Evidence of a surgeon shortage is mounting. By 2032, the U.S. will lack as many as 23,000 surgeons, according to an April report on physician supply and demand from the Association of American Medical Colleges.
The report’s key findings include:
- Physician demand will continue to outpace supply, with a projected total shortfall of between 46,900 and 121,900 physicians by 2032.
- The U.S. will also see a primary care physician shortage of 21,100 to 55,200 physicians by 2032;
- A shortfall across non-primary care specialties of 24,800 to 65,800; and
- A shortage of physicians in surgical specialties of 14,300 to 23,400.
The surgeon shortage is of particular alarm considering the boom in aging Americans, the AAMC report notes. The number of people 65 and older is expected to reach 83.7 million in 2050, according to the U.S. Census.
A 2016 Department of Health and Human Services (HHS) workforce analysis also projected shortages in nine out of 10 surgical specialties by 2025, with the largest shortages in general surgery, urology, ophthalmology and orthopedic surgery.
A 2018 assessment in the journal Surgery of the shortage of general surgeons found that “without increasing future general surgeons training numbers, the projected future general surgical workforce shortage will continue to grow.”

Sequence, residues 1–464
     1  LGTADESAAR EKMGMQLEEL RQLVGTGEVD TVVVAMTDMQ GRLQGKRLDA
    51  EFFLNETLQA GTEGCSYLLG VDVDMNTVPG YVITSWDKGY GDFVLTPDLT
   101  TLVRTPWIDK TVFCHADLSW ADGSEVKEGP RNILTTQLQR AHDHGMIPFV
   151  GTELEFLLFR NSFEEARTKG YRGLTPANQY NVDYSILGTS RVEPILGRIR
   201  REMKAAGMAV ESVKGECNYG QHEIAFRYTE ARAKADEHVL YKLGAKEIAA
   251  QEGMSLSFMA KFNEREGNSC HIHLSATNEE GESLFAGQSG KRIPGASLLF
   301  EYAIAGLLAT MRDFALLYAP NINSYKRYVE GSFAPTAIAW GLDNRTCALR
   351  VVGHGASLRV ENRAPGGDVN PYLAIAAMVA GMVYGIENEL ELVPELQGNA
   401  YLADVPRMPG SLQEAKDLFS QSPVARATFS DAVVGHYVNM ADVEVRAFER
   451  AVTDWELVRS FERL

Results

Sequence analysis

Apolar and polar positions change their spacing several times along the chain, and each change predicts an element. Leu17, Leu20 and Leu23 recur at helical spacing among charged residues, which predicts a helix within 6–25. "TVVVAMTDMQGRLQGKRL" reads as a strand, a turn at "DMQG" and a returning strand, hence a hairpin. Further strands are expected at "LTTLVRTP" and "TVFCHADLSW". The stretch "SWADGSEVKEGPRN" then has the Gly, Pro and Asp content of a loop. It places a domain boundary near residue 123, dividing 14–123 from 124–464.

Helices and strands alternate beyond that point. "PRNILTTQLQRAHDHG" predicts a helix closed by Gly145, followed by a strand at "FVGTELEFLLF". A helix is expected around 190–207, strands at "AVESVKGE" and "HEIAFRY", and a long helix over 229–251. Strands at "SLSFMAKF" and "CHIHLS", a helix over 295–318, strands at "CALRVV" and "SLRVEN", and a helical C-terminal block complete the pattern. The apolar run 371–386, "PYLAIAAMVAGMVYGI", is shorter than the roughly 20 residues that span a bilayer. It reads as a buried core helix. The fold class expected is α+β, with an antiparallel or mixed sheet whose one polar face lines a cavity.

Impending surgeon shortage prompts introduction of legislation
Incentivizing general surgeons to practice in communities with workforce shortages remains a challenge. The first step to ensure more equitable access to care is to identify those areas.
Legislation was introduced in the U.S. House of Representatives in March to counter the impending shortage. The Ensuring Access to General Surgery Act (HR 1841) would direct HHS to conduct a study to define and identify general surgery shortage areas and then give the Secretary of HHS the authority to designate general surgery shortage areas based on the study’s findings.
“Determining where patients lack access to surgical services will provide HHS with a valuable tool for increasing access to the full spectrum of high-quality health care services,” reads a statement by the American College of Surgeons to the representatives who introduced the legislation.